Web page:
Hunan cuisine is a style of Chinese food that originated in Hunan Province in south-central China. It is known for its rich, fiery flavors created by the use of chili peppers and garlic. This style of regional Chinese cuisine is also known for elaborate preparation techniques and beautiful presentation of the dishes. There are approximately 4,000 documented Hunan dishes, many of which are sweet and sour, hot and sour, or hot and spicy. Crispy duck, dong'an chicken, and garlic eggplant are some of Hunan’s best-known dishes.
Smoked and preserved meats such as beef, pork, and lamb are common as main ingredients in Hunan cuisine. Other main ingredients include fish and poultry, especially chicken and duck. Hunan cuisine also features ingredients such as frogs’ legs and turtle.
Hunan Province is a major agricultural region that produces a wide array of fresh vegetables, especially green beans and eggplant. Rice is one of Hunan’s most abundant crops and, therefore, accompanies many meals. Tofu and noodles are also widely used in Hunan cuisine.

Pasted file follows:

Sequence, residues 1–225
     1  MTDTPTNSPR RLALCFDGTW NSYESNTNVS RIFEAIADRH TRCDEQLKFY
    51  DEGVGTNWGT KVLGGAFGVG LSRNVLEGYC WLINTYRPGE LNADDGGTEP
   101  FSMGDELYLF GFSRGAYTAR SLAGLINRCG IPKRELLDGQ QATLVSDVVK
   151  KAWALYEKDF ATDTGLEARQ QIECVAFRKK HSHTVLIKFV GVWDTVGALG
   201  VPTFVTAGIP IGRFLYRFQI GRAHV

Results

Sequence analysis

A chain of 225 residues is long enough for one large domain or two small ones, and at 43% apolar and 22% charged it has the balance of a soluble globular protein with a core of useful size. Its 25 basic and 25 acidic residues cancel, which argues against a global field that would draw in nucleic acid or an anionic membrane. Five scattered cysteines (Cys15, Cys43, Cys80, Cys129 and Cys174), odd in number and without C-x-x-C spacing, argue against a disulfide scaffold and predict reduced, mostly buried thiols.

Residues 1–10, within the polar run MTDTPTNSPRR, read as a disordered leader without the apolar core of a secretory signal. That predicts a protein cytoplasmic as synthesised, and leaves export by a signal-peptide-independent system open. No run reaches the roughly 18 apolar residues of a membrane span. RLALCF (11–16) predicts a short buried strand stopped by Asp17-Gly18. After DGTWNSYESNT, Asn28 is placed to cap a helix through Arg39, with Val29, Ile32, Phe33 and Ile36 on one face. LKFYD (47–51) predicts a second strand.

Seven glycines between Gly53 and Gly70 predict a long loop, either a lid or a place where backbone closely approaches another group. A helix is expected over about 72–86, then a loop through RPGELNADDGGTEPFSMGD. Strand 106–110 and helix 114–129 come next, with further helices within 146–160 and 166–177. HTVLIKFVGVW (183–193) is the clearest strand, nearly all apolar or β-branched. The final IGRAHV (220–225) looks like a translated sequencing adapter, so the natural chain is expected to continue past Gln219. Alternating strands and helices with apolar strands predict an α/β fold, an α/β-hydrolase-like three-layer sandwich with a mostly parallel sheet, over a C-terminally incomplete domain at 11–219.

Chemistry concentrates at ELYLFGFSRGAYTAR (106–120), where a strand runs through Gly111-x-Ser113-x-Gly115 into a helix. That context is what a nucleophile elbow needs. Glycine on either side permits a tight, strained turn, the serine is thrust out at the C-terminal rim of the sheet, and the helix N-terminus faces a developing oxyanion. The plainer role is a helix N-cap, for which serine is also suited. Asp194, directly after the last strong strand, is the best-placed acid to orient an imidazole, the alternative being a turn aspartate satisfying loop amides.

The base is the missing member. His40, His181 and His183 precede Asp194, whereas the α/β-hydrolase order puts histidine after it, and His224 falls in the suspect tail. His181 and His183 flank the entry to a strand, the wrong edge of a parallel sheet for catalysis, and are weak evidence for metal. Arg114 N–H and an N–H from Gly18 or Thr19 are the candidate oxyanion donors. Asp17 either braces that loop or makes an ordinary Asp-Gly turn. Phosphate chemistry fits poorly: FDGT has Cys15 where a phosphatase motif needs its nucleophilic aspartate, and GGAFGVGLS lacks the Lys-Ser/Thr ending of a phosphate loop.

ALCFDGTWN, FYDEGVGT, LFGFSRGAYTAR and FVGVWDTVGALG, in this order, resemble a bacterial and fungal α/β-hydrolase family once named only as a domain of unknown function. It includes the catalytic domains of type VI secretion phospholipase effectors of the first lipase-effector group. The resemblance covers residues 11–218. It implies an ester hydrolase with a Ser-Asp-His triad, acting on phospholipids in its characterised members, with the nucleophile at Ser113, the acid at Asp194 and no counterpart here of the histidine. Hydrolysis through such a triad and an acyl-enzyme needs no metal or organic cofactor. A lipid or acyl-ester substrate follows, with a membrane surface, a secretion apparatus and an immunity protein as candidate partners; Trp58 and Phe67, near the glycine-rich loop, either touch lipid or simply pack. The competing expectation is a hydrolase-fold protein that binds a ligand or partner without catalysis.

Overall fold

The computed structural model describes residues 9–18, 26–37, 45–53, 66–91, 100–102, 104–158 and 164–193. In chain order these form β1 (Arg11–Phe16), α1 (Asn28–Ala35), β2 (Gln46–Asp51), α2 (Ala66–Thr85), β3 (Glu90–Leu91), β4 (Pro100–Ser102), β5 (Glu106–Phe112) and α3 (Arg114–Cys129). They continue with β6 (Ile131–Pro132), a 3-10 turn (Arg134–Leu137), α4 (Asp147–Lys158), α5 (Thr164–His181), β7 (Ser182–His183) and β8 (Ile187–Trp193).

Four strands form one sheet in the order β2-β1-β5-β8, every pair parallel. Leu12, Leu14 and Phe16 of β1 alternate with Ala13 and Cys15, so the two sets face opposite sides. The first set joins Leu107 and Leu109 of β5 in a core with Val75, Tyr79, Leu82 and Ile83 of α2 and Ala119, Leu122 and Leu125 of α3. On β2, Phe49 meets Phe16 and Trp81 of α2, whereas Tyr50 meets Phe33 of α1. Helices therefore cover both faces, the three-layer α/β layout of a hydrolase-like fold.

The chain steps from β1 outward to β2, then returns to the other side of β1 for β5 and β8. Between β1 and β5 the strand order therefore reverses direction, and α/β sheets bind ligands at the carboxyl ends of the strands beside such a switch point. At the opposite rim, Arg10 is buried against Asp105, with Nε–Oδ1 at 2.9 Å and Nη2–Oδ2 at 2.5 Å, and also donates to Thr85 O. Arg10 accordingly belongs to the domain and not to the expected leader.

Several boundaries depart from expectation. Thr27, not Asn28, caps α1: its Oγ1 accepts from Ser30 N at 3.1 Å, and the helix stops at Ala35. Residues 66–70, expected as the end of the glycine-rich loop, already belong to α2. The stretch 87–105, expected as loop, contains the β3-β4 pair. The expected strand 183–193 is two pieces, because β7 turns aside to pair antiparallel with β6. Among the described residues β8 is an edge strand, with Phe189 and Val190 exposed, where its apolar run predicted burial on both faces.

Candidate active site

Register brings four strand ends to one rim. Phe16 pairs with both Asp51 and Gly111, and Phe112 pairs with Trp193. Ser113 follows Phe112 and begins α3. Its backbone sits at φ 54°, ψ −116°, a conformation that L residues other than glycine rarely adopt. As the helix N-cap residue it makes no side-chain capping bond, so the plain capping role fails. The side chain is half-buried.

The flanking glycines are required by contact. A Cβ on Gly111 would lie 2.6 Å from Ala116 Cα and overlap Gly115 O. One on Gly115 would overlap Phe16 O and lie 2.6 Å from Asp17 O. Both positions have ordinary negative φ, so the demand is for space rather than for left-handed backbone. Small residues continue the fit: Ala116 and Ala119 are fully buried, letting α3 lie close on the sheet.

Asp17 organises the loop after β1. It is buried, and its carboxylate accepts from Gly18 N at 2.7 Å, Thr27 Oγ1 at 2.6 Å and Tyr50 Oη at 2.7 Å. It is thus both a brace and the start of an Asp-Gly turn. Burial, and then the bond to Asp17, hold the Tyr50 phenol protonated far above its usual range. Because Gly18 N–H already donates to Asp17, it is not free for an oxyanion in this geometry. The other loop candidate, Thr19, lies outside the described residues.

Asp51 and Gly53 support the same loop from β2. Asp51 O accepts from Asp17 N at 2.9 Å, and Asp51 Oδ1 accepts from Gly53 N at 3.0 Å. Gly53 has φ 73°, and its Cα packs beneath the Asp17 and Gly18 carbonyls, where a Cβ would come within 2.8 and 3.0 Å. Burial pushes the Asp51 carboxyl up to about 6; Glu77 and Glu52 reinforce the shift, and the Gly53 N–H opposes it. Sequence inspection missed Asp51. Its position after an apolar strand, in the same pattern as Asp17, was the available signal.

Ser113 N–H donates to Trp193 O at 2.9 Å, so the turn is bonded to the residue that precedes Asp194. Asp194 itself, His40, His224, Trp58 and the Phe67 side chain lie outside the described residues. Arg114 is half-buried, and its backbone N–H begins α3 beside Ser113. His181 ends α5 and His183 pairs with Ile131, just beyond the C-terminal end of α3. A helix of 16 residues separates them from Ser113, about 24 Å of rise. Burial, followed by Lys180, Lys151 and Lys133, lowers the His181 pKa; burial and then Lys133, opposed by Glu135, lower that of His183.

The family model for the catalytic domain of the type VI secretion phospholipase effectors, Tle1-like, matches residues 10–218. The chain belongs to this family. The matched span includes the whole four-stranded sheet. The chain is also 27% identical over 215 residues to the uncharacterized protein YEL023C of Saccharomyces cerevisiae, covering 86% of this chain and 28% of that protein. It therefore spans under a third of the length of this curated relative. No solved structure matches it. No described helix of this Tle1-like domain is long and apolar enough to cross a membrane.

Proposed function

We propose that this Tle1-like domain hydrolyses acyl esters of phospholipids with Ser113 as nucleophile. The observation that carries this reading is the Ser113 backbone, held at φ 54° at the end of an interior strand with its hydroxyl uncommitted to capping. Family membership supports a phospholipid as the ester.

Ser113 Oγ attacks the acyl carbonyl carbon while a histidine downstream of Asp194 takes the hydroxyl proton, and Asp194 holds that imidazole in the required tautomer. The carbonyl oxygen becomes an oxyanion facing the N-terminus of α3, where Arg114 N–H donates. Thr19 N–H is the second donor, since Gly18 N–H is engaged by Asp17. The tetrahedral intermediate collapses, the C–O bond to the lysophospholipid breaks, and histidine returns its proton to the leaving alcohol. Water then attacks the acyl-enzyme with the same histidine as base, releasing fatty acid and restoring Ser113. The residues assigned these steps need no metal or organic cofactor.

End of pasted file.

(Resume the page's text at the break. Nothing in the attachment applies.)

In addition to garlic and chili peppers, spices used to flavor Hunan cuisine include star anise, Szechuan peppercorns, and fennel. Many Hunan dishes are served with fresh, whole chili peppers. Oils flavored with chili, garlic, and sesame may be used as flavoring agents for many foods. Shaoxing wine and condiments such as chili-garlic paste and salty black-bean paste may also be used in some Hunan dishes.
Preparation techniques include stir-frying, deep-frying, and roasting. Searing, simmering, and steaming are also common techniques for preparing Hunan cuisine. Some dishes may also require more than one cooking method, and many Hunan dishes may also require marinating, either quickly or overnight.
Hunan cuisine varies according to the seasons. Cold dishes are often served during the hot, humid summer months, and the region’s famous hot pots are popular throughout the cold winter months. Chili peppers are served year-round, however, as they are believed to open the pores to cool the body during the summer and to warm the body in winter.
Known also as Xiang cuisine, Hunan cuisine has evolved over many centuries and is now considered one of the eight regional cuisines of China. It is further divided into three sub-regions: Xiang River, Dongting Lake, and Western Hunan. Hunan Province has its own distinctive style; however, it has been influenced by the style and flavors of the cuisines of surrounding provinces, especially Szechuan, Chonqing, and Yunnan.